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However, specialized equipment normally comes at a high cost and with limited versatility. Since devices such as sensing arrays and fixed wing UAVs with large payload capacity are expensive and require significant maintenance [ 79 ], sharing resource between practitioners, agencies or companies may offer a alternative to otherwise prohibitively large investments by reducing overall cost and increase cost-performance ratio.
Given on-board processing power, UAVs are increasingly able to contribute to problem solving and data processing tasks. This development also continuously makes UAVs potentially more autonomous as algorithms required for e.
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In addition, this reduces the requirements placed in the communication infrastructure since less data has to be communicated to a centralized command. When it comes to the available software, the challenge is either to identify suitable off-the-shelf software or to invest in designing and implementing proprietary solutions, which may require resources and time.
However, the literature is teeming with novel approaches, algorithms and software implementations addressing a vast variety of problems. To name just a few: a geometric correction algorithm to reduce image distortion for UAV-based imagery in disaster scenarios [ 74 ], an algorithm to dynamically adapt the communication network topology to account for link loss and to avoid outages and connectivity problems [ ], an image processing algorithm to process imagery provided from sensors mounted on aerial devices [ ], an approach for optimum hovering locations for multiple drones [ 61 ], an off-line path planning algorithm for heterogeneous UAV swarm-based surveillance scenarios to ensure persistent surveillance [ 87 ], and a self-adapting multi-object evolution algorithm facilitating path planning for UAVs [ ].
Operating UAVs poses a number of challenges as well, such as testing and simulating swarms of UAVs and training operators, which normally require expensive simulators [ 41 ] because the conditions under which UAVs operate are different from those of conventional piloted aircraft [ 93 ]. However, the environment in which UAVs operate itself poses reason for concern, independent of the environment; operating a large number of devices in the same airspace requires a commonly agreed upon traffic management approach. In addition to these practical operational issues, there are of course other concerns regarding the operation of these devices as well as regarding the use of these devices as sensing devices i.
Environmental challenges involve weather conditions rain, wind gusts, humidity, temperature , terrain characteristics presence of high canopy in the vicinity of the area of interest etc. Experiments have shown [ ] that the power consumption may depend significantly more on environmental conditions such as side winds than on either the payload or the altitude. High and changing winds are likely to be an issue when operating in coastal zones [ 41 ]. Operating multiple UAVs in unknown scenarios requires fast and adaptive path planning to avoid collisions and to ensure optimal travel times for the devices.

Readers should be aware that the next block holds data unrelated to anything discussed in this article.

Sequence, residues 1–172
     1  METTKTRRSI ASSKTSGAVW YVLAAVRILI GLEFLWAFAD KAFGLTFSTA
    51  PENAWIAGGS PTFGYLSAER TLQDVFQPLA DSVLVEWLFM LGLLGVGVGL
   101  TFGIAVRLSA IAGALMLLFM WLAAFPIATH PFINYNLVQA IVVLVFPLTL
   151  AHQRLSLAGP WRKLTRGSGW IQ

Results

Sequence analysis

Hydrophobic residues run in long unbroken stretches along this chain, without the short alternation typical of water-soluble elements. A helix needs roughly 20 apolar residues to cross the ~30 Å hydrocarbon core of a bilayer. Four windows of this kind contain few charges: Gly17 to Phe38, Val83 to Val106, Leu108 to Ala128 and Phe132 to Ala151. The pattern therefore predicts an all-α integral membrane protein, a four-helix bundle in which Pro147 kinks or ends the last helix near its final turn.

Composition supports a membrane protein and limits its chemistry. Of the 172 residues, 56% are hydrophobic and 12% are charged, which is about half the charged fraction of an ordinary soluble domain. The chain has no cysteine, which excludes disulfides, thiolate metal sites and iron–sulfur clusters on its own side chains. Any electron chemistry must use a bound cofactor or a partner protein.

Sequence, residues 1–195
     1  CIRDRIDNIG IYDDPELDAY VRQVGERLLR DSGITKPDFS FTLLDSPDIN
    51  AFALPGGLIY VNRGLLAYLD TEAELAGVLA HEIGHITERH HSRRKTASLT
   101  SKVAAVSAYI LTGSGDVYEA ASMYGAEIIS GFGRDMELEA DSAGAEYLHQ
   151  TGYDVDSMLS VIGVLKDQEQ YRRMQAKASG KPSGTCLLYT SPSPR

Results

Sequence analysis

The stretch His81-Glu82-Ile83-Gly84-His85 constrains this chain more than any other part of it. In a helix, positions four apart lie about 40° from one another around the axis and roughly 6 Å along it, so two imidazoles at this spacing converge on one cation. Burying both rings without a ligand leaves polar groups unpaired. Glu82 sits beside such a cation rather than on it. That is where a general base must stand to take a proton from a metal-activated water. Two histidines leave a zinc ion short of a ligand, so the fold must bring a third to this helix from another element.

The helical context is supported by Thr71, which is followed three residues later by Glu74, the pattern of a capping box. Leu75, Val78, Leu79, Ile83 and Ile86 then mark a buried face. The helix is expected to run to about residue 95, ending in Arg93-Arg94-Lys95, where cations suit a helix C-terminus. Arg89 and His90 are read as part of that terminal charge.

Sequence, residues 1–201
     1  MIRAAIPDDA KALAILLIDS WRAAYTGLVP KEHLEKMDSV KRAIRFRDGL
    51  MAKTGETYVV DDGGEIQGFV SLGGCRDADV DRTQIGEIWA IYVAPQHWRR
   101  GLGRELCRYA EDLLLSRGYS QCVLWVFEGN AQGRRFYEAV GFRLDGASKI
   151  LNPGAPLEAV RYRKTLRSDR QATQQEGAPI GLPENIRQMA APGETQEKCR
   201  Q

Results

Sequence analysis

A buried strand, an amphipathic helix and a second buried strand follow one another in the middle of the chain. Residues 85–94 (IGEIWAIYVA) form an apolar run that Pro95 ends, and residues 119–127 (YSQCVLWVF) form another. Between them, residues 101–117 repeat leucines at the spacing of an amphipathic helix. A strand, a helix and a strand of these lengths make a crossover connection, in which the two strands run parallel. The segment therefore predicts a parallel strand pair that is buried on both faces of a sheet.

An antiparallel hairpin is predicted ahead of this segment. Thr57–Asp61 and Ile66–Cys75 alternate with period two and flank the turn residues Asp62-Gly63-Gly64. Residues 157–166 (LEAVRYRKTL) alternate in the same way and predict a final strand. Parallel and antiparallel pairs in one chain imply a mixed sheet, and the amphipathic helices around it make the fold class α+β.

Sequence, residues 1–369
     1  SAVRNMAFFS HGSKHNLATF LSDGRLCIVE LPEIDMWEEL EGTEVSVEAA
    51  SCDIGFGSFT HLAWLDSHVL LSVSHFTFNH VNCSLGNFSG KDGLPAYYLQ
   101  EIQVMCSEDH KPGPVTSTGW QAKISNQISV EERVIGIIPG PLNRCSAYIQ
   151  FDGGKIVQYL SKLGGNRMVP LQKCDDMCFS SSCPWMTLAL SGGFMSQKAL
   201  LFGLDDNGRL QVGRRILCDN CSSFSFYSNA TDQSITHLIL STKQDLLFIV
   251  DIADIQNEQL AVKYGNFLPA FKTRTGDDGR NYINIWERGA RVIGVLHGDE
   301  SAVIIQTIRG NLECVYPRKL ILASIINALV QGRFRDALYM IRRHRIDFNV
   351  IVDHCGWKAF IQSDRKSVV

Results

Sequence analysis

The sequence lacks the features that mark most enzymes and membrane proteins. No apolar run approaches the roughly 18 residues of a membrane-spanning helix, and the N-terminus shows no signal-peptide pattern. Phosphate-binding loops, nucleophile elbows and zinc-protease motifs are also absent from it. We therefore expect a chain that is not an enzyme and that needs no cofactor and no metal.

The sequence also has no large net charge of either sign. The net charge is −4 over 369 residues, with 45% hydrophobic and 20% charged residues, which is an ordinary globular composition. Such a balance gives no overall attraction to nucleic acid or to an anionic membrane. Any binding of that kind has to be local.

In [ ] a self-adapting multi-object evolution algorithm to facilitate UAV path planning is proposed and simultaneous localization and mapping based real-time tracking can be used when GPS signals can not be used reliably or are unavailable [ ]. Generally speaking, the choice for device and hardware will be influenced by the environment the device is intended to operate in. The more specialized an application is, the more specialized the operational requirements regarding the environment may get, and it is important to clearly define the specifications of environmental conditions beforehand.
Currently available off-the-shelf multi-rotor UAVs can remain airborne for approximately 15—20 min before needing to recharge [ ], motivating the use of optimization techniques to optimize flight paths. In the context of managing the airspace when large and very large numbers of UAVs are operating in the same theatre, ref [ 80 ] investigates platooning for UAV swarms and proposes an approach that can handle massive fleets and handles device malfunctioning or intrusion well.
In [ 87 ] an off-line path planning algorithm for UAV swarms tasked to provide continuous and uninterrupted surveillance coverage over an area is proposed. Heuristics to solve such problems well known to be of high complexity are needed to increase the efficiency of dispatch and scheduling for UAV swarms. Finally, if UAVs are to be allowed to operate within urban areas, a city-wide traffic management system has to be created to handle the increasing traffic occupying the same airspace. Traffic lights for cars are unmanned and low-cost.